A list of minor caveats to begin. First, audiophiles should be aware that this is, like all Kennedy's recordings, an analogue recording digitally processed and mastered. To my ears it sounds fine, vivid and positive, even if perhaps a little close. Second, Kennedy, who often takes up space with anti-critical diatribes, has this time allowed a critic, the acceptably blokeish Rob Cowan, to write the booklet notes, which strain to paint Bach as a bit of a punkish rebel himself. Third, Kennedy being Kennedy, he allows himself a degree of improvisatorial licence here and there at which some might raise an eyebrow but which to me seem idiomatic, spontaneous and pleasing. Indeed it is difficult not to like the entire disc. Kennedy makes a wonderful sound and seems genuinely thrilled by the challenge of getting his fingers around the notes. There's a sureness about his approach, a swaggering certitude in tone, articulation, phrasing that is hard to resist, and nothing about his playing is bland. He is partnered more than ably in the Double Concerto by Daniel Stabrawa and in the Violin and Oboe Concerto by Albrecht Mayer, and the conductorless strings of the Berlin Philharmonic make a rich but never swamping sound. While collectors who want something less occasional, more subtle, and more in the manner of the Baroque period should still look to an account like that of Andrew Manze, my benchmark, this is clearly a disc that will sit comfortably on the shelves alongside it.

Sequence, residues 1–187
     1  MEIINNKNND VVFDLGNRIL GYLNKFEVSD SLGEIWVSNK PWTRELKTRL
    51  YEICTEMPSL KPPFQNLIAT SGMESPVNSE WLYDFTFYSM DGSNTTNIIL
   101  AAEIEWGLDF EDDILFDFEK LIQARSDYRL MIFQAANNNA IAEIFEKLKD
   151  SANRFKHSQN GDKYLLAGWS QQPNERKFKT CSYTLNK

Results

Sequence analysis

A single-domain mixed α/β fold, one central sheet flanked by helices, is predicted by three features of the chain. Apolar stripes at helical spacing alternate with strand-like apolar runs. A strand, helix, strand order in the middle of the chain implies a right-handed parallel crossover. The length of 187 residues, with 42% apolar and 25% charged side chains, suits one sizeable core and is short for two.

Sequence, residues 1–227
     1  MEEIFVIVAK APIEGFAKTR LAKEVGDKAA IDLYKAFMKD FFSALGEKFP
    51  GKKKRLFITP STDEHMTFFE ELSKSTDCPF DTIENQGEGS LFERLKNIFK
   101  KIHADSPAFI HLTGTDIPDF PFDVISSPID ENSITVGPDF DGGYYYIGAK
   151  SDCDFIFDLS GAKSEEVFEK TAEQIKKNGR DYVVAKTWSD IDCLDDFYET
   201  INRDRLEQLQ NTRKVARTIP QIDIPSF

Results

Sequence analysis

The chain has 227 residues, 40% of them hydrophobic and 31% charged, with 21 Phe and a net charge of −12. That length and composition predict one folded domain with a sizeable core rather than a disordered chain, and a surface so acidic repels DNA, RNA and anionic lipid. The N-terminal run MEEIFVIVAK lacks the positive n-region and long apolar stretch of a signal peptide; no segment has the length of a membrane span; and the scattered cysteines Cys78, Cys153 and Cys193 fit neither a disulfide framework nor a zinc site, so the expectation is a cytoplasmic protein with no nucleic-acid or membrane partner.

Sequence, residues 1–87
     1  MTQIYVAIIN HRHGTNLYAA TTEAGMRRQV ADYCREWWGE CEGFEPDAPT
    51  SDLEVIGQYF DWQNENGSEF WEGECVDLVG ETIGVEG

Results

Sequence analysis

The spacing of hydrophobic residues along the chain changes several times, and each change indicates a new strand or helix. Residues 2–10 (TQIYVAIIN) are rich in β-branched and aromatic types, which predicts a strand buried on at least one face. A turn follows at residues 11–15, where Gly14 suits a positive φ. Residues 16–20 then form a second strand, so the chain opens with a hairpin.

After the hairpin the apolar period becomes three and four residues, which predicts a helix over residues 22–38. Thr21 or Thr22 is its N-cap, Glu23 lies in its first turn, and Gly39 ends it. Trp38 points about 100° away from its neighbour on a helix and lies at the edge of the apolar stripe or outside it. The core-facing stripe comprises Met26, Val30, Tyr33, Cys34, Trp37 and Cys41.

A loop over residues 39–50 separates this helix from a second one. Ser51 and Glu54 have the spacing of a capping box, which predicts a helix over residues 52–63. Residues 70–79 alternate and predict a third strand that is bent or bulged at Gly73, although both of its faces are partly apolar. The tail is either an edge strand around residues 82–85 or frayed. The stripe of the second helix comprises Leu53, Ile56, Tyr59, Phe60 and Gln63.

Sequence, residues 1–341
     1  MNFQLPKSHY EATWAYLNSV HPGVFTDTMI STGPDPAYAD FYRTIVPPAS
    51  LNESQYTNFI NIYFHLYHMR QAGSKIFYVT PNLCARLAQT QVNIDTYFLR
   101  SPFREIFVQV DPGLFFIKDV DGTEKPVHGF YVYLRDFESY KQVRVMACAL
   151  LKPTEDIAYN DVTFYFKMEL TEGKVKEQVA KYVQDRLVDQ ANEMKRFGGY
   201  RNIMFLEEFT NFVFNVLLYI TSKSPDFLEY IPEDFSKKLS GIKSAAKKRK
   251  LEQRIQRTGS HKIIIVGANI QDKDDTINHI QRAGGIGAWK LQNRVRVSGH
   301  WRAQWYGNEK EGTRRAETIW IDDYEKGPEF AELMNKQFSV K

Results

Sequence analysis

© BBC Music Magazine 2000
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